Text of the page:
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Diavik waste rock project : blasting residuals in waste rock piles

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Title: Diavik waste rock project : blasting residuals in waste rock piles
Author: Bailey, Brenda L.; Smith, Lianna J.D.; Blowes, David W.; Ptacek, Carol J.; Smith, Leslie; Sego, David C.
Issue Date: 2011-11
Publicly Available in cIRcle 2011-10-14
Series/Report no. Tailings and Mine Waste 2011: Vancouver, Canada
Abstract: Mining generates and moves the highest volume of material in the world. At mine sites throughout the world, explosives are used to fragment rock into workable size fractions. Mine-water chemistry can be influenced by residual blasting agents used during mining. Ongoing monitoring of the water chemistry from three large-scale waste rock test piles, measuring 60 by 50 m in area and 15 m high, began in 2007 and the quality of water draining from this material is being studied. Blasting residuals comprised a large proportion of dissolved constituents in the pore water and effluent for the first three monitoring seasons. Variations in concentrations and the gradual rates of dissipation of blasting residuals provide an indication of the pile heterogeneity and the relative contribution of different flow paths. As temperatures within the piles increase with ambient temperature increases, larger proportions of the pile contribute to flow, and increased concentrations of blasting residuals are observed in waste rock effluent. Mass-balance calculations based on the ratios of SO₄:Total-N can be used to estimate the relative contributions of sulfide oxidation within the piles and sulfate released when sulfur in the host rock is oxidized during blasting. These calculations can also provide an estimate of S mass released during the first flush of the piles. This research will aid in understanding the release of constituents caused by blasting and waste-rock hydrology. [All papers were considered for technical and language appropriateness by the organizing committee.]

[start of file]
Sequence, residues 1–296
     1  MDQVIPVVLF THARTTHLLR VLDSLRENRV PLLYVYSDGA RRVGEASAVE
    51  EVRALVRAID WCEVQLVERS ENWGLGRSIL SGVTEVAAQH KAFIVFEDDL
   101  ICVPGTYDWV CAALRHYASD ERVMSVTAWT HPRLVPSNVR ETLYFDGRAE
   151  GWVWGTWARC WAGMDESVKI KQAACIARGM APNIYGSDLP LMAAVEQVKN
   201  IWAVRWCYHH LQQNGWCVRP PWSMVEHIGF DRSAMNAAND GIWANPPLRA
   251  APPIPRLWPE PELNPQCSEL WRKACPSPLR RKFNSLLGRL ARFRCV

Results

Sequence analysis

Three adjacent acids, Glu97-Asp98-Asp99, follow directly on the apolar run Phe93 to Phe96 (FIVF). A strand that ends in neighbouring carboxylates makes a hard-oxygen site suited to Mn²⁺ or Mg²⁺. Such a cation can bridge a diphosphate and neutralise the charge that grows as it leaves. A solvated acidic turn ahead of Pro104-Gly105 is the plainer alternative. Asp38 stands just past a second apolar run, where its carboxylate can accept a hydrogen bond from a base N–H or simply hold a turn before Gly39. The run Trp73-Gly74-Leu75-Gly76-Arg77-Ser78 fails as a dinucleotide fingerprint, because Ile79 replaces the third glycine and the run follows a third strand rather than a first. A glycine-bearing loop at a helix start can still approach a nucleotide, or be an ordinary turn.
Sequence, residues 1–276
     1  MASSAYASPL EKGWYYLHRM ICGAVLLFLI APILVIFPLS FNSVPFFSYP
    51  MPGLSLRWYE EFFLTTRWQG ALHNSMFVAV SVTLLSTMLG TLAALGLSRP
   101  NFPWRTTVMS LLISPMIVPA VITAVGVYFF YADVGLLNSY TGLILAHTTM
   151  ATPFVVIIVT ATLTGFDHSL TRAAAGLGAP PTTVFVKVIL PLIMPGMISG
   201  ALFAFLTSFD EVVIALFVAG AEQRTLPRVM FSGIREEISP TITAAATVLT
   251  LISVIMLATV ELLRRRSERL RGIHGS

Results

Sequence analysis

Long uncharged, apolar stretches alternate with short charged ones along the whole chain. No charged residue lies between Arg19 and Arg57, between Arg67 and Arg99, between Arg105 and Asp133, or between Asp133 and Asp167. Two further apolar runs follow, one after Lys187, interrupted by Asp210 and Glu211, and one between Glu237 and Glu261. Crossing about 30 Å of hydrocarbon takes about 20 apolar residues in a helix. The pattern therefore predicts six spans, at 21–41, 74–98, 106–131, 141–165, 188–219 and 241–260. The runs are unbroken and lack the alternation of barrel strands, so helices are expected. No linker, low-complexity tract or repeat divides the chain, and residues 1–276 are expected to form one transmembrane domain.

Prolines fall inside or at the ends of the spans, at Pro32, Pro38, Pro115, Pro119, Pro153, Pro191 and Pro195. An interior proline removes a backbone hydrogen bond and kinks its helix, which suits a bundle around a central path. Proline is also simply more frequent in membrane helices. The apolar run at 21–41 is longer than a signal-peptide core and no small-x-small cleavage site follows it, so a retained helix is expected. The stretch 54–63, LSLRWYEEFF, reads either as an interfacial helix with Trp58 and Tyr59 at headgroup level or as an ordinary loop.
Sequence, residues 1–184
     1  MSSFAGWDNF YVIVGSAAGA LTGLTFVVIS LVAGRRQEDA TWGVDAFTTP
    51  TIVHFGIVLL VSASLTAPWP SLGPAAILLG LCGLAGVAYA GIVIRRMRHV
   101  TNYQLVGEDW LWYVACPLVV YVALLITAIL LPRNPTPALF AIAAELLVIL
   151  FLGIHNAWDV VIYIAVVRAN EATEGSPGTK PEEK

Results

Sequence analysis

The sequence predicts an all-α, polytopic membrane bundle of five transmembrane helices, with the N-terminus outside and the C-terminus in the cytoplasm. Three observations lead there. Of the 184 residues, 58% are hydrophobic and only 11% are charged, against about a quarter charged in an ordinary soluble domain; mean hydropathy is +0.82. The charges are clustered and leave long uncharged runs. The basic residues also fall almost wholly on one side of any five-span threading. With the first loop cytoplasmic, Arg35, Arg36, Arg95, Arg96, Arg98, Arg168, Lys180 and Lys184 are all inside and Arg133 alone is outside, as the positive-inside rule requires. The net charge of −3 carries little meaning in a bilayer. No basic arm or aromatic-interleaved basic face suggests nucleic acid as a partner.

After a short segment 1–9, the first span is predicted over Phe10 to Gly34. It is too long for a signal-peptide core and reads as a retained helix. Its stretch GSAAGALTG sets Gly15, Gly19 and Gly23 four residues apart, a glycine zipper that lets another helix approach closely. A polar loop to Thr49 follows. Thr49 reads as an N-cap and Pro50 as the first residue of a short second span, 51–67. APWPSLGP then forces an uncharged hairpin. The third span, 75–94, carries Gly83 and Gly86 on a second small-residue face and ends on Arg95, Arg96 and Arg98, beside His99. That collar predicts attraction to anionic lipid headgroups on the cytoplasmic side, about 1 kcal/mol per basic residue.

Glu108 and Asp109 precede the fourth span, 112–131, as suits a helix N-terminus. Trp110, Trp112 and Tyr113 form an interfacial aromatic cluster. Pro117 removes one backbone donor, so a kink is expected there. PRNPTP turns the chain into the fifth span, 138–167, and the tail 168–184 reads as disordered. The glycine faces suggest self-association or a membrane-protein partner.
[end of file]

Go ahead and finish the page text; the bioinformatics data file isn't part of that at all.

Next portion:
Affiliation: Non UBC
URI: http://hdl.handle.net/2429/37962
Peer Review Status: Unreviewed
Scholarly Level: Other

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